GAMBLING On TOY FAIR For both new and established toy makers, the New York trade show is pivotal.

THE BALTIMORE SUN

New York -- If Santa Claus lives, he will be in New York this morning along with 20,000 other more conventional retailers, shopping at Toy Fair for what will go under the tree next Christmas.

For the major buyers, it's this critical 10-day stretch that will largely determine what will be offered customers. For the manufacturers, particularly the smaller ones, the pivotal holiday season begins now.

Consider the importance of Toy Fair to United Enterprises, a husband-wife start-up (hence the "United") in Columbia, with a newly invented game to sell and a minuscule marketing budget. "It's make or break," said Chief Executive Mary Blaylock.

For older, more diversified companies, it's not quite as critical -- but almost. "In effect, everything we do is to prepare for Toy Fair," said a besieged Edward Weiss as he scurried around on a recent morning to finalize plans for Life-Like Products, a long-time manufacturer headquartered in an old Baltimore textile mill.

Mr. Weiss, the company's marketing manager, stopped briefly in his cluttered office and attempted to deal with myriad questions between rings from a constantly jangling phone.

"This is insanity," he uttered as he answered yet another call. "We're usually insane, but this is real insanity. This is the time my cholesterol shoots up and I'm sure I'm having a heart attack."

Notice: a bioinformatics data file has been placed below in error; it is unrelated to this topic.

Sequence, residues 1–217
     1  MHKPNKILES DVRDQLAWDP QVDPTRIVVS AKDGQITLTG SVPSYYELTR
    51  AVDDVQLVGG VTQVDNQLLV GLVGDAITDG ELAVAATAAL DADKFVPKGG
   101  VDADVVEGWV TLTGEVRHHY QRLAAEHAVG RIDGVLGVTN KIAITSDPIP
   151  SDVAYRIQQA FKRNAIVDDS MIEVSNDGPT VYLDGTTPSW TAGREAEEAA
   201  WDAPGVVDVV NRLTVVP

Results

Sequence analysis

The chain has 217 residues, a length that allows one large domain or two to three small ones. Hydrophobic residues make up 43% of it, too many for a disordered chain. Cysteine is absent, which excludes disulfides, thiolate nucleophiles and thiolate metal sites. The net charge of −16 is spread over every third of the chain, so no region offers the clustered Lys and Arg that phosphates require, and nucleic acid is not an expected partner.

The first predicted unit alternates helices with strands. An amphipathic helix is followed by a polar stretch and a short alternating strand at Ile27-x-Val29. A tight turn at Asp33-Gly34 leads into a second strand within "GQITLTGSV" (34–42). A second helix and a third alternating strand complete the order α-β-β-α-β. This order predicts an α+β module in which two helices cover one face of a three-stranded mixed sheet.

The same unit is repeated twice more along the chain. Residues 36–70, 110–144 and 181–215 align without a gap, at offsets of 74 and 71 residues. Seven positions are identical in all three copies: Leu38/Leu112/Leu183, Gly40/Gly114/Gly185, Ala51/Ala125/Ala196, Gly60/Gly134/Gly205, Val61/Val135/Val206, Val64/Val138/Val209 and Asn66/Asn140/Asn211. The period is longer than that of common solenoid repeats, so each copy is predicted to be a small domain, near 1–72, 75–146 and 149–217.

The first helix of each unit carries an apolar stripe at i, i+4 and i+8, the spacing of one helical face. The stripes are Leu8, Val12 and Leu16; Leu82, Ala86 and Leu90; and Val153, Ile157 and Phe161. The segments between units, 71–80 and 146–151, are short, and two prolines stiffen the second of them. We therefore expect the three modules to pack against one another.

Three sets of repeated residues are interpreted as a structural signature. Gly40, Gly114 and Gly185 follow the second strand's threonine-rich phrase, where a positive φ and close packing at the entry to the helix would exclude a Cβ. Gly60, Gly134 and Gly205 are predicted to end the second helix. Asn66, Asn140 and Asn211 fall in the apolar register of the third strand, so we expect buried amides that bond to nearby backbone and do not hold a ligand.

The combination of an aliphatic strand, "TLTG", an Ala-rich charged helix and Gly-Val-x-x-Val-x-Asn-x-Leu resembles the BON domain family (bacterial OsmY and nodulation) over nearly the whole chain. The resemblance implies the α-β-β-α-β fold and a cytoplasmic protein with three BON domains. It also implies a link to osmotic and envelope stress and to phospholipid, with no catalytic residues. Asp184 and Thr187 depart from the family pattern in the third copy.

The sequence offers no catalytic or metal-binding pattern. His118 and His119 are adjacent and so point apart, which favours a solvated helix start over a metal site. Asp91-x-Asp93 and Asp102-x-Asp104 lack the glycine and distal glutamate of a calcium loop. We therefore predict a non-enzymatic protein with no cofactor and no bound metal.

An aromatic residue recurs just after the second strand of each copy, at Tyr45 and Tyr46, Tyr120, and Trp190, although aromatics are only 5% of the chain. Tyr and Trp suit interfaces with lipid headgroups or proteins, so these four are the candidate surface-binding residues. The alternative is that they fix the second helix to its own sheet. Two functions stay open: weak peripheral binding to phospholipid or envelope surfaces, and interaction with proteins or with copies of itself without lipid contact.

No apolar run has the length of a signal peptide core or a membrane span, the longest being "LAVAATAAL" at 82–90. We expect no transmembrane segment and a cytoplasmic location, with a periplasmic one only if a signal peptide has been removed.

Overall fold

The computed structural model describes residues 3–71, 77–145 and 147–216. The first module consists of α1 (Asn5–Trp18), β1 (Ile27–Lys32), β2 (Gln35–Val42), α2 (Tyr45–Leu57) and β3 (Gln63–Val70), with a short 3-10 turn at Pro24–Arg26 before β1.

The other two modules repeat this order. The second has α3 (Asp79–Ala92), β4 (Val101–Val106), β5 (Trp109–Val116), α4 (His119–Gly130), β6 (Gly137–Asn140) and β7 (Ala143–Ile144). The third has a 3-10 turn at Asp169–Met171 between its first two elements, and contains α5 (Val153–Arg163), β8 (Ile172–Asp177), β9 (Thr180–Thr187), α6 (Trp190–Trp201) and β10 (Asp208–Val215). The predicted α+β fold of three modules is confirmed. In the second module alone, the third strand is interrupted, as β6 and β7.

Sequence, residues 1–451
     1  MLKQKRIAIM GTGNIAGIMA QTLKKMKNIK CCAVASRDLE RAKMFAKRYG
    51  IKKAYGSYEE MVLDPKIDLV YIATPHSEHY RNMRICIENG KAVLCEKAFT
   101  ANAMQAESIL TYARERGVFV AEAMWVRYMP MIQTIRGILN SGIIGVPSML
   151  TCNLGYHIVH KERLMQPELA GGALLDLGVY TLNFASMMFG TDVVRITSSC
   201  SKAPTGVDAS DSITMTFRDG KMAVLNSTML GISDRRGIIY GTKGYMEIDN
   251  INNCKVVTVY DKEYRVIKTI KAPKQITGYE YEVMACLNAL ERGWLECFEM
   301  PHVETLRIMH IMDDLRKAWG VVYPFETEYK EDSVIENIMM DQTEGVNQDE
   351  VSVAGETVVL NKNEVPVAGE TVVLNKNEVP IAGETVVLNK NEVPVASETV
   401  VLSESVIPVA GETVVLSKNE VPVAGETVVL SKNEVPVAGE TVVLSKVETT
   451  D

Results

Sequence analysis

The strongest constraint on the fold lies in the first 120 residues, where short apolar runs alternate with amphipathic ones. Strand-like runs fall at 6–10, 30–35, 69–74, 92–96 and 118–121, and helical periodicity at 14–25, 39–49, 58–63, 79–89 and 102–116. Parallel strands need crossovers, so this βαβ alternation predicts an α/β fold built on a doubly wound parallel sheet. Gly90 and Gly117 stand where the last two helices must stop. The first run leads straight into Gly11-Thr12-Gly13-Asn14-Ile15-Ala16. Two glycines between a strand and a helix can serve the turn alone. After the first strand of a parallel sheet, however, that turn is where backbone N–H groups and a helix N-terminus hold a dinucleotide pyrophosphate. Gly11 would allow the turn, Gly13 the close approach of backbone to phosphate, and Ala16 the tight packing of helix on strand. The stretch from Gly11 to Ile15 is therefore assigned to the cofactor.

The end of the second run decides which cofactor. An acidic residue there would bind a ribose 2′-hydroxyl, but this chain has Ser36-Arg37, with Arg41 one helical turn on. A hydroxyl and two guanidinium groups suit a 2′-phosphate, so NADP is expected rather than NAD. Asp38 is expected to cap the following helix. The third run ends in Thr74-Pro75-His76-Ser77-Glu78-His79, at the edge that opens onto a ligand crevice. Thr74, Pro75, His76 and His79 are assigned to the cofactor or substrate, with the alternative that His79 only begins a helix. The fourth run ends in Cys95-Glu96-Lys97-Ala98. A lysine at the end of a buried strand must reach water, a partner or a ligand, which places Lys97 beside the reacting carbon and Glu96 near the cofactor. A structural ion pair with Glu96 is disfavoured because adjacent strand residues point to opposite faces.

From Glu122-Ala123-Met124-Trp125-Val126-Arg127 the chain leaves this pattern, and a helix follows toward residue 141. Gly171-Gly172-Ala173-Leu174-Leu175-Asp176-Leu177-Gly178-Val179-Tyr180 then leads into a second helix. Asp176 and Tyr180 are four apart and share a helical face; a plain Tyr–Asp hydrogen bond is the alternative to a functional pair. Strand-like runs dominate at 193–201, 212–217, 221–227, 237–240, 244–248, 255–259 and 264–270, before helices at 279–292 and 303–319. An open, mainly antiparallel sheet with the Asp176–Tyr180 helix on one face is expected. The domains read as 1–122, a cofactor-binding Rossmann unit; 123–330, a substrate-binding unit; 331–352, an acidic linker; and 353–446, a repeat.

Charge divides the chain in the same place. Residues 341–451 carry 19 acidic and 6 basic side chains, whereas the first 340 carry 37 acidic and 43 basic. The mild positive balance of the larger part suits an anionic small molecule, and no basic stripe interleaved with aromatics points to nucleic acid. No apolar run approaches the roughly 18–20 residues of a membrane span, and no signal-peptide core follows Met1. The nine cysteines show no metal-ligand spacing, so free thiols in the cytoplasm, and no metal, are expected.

Conditions will get worse before they get better for Mr. Weiss and every other manufacturer as T-day approaches. And then, if history is any guide, for all but the most fortunate, it will get even worse.

Why? Because despite its ubiquitous presence, toy manufacturing remains a flat business. Sales have barely moved since 1984. In 1990, revenues for the entire industry were about $8.8 billion, or a little less than those of Patriot missile producer Raytheon, number 52 on the Fortune 500.

Price increases in the toy industry are minimal, consistently falling below inflation. Hits are rare, life spans brief, and failures common. For every Barbie, there are literally thousands of Bobbies, Freddies and Joanies introduced annually that would be quickly forgotten had they ever been remembered.

Worse still, any increase in one company's prospects almost inevitably means a decrease in anothers. For evidence, tour the 15-story Toy Building and the adjacent annex in lower Manhattan, main site of the Toy Fair and a bustling nerve center at this time of year. The offices remain as they have for decades, but the tenants come and go -- one, like Hasbro, to swank accommodations of its own across the street, but most, like Coleco, the fastest growing toy company in the early 1980s, to liquidation.

In its second week, the fair expands for four days to the city's vast Jacob Javits convention center, where more than 1,000 small-timers will crowd into temporary space. Most will end up hoarse -- and broke from negligible responses. A few, though, could walk away clutching arms full of orders for the next Cabbage Patch doll or Ninja Turtle. Typically, the biggest hits have been developed by the smallest players.

But in some ways, despite the extraordinary odds, the advent of the New York Toy Fair -- as well as two others -- one in Hong Kong and another in Nuremberg, Germany -- have given small players a better shot. The fairs replaced a network of traveling salesmen who hauled trunks of samples around the country, pitching them to small local stores.

Now the biggest retailers scour the world for products. Got a good idea? The chances were never better for it being found. Got a tough competitor? Chances were never better that its products will be bought.

Reflecting two dramatically different ways to approach the business are Mr. Weiss' Life-Like and Ms. Blaylock's United Enterprises Inc.

Life-Like